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Blockchain chicken sells better than non-blockchain chicken

Andrew Munro 4 June 2019 NEWS

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"We had a positive impact on the chicken versus the non-blockchain chicken."

"The pomelo sold faster than the year before due to blockchain," said Carrefour blockchain project manager Emmanuel Delerm to Reuters. "We had a positive impact on the chicken versus the non-blockchain chicken."

He's referring to Carrefour's use of the IBM Food Trust blockchain food tracking system.

Different things to different people

For the end user – the customer who takes the food off the shelf – the IBM Food Trust blockchain is a QR code that can be scanned to show the provenance of goods, including the origins of the product they're about to buy as well as additional information such as the date of harvest, the farmer it came from, how long it took to ship and some additional tips on how to prepare it.

For logistics services and retailers, it's an extremely useful and potentially life-saving way of tracking goods through the supply chain, and it's also a boon to sales it would appear.

The proof is in the pudding

According to Carrefour, customers are responding to the blockchain chicken and are scanning their food for the extra information. This has always been something of an unproven question mark around these kinds of systems, so the fact that consumers are actually using the system, and that it's influencing their purchasing decisions, is a nice addition to the existing evidence.

But if you cast an eye over the countries where the system is popular, it's easy to appreciate that circumstances on the ground would affect how widely used the system is in different countries.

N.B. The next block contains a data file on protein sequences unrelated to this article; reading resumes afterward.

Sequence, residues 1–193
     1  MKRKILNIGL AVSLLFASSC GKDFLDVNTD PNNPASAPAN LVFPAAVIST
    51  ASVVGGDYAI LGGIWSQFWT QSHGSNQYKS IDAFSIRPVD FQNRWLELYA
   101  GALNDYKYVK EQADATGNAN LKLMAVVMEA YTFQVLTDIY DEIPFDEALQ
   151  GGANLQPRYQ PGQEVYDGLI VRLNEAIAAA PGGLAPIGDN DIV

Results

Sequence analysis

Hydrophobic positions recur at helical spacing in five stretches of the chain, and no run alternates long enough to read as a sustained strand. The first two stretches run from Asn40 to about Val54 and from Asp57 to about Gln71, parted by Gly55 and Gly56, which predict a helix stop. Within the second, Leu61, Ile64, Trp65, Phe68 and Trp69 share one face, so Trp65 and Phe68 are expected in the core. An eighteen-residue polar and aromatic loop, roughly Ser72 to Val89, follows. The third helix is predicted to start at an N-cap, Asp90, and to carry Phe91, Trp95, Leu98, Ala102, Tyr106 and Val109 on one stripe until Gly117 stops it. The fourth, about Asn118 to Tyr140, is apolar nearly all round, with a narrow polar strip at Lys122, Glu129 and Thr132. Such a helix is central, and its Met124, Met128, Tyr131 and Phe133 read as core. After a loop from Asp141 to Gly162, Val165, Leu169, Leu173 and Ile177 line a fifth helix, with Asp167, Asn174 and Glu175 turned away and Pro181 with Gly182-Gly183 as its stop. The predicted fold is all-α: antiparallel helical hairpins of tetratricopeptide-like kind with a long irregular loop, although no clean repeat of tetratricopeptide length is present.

The initiative is most popular in China, Reuters says. This is probably in part because of residents' very real concerns over where their goods are coming from (and what their lead content is) and also because QR codes are very widely used in China. Making QR code payments and scanning things for more information is already second nature.

Scanning goods was second and third most popular in Italy and Carrefour's home turf of France, and people are spending as long as 90 seconds reading the provenance information for goods, and even viewing related videos.

But it's safe to say that not everyone will go for this kind of thing, and that the uptake rates for this system will probably vary widely by country. This is likely to change over time though.

"Millennials are buying less but buying better products for their health, for the planet," Delerm pointed out.

In addition, customers don't need to scan every item every time for the store to reap the benefits.

"You are building a halo effect – 'If I can trust Carrefour with this chicken, I can also trust Carrefour for their apples or cheese'," Delerm explained.

The goal down the line is for Carrefour to add non-food items to the list in the future as well as add additional information such as how much of the money from the purchase will go to the farmer. It's also experimenting with non-QR code formats for communicating the information, but in this case it might almost be easier to get people using QR codes than to find an alternative.

Why all the blockchain?

It's safe to say the blockchaininess of this system is not adding any significant degree of trust for the consumer standing in front of the QR code, and that most are making no assumptions one way or the other on whether the data they're getting is reliable or whether it needs to be on a blockchain.

In this case, the blockchain may be more for the benefit of all the other mutually untrusting participants in that supply chain.

Even the most ethical and eco-conscious brands have limited oversight on where exactly their goods are coming and how much slave labour may be involved in the creation of their products, so a tamper-proof ledger is a necessity there.

And while it's a little trickier to prevent unscrupulous suppliers or other parties from tampering with the data inputs, it's possible to make the data inputs tamper-proof beyond a reasonable doubt. You also need some neutral digital ground for all these entities to share data, where no one can put their fingers on the scales. Blockchain offers that neutral ground, although in this case it requires trusting IBM.

There's also the versatility and potential future-proofing a blockchain could offer. In IBM's own experience, businesses are starting to think more about building entire blockchain ecosystems rather than just pointing a blockchain at a single problem and pulling the trigger.

And if the customers like it, why not?



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